- When the DOE checked on LED actual performance vs manufacturer claims, they found that 78% of the LED lights did not meet the manufactures claims.  This note on LED at the 1000Bulbs site is interesting... 
So, you have the prospect of paying a whole lot for an LED light that does not live up to the claims made for it -- the worst of both worlds.

- The color quality of the LEDs can be disappointing compared to incandescent lights.  Since we spend a lot of time in this area, we wanted the light color quality to be good.

In order to lower the risk somewhat, we decided to just buy one of the LED floods locally and give it a trial run.  After looking at the selection at several places, we decided to try an ECO Smart PAR20 LED made by Lighting Sciences and sold by Home Depot.  This LED is a 350 lumen, 8 watt unit, and has an estimated life of 50,000 hours.  These units were actually intended to replace 40 watt incandescent R20 bulbs, but we decided it was worth a try as they are substantially less expensive than the the R30 units -- they cost $22 each.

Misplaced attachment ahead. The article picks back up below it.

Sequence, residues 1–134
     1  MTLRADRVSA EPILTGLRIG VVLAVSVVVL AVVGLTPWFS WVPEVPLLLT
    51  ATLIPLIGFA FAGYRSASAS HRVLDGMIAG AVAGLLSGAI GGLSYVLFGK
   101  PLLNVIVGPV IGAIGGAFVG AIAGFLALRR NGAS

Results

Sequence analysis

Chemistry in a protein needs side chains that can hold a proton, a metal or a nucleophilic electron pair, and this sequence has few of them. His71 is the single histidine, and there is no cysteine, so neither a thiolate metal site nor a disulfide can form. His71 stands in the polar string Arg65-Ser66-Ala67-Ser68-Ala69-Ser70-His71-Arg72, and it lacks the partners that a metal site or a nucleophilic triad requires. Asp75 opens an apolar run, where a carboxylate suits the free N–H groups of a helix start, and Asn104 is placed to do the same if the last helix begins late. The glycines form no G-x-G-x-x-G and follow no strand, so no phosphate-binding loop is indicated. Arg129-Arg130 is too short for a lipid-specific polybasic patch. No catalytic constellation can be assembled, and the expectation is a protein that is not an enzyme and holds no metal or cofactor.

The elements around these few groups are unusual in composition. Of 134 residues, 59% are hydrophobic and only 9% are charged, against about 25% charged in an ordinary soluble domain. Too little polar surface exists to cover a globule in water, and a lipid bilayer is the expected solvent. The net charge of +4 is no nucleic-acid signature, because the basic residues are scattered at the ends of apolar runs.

We installed the one test LED, and were very pleasantly surprised by the light level -- it appeared to light its area better than the 65 watt equivalent CFL had.   This LED is a 3000K color temperature light, and the light is just a touch less warm than would be ideal, but fine.  The CRI (Color Rendering Index) for this LED was rated at 85 out of 100 and we were wondering if this would be noticeable, but it seems fine.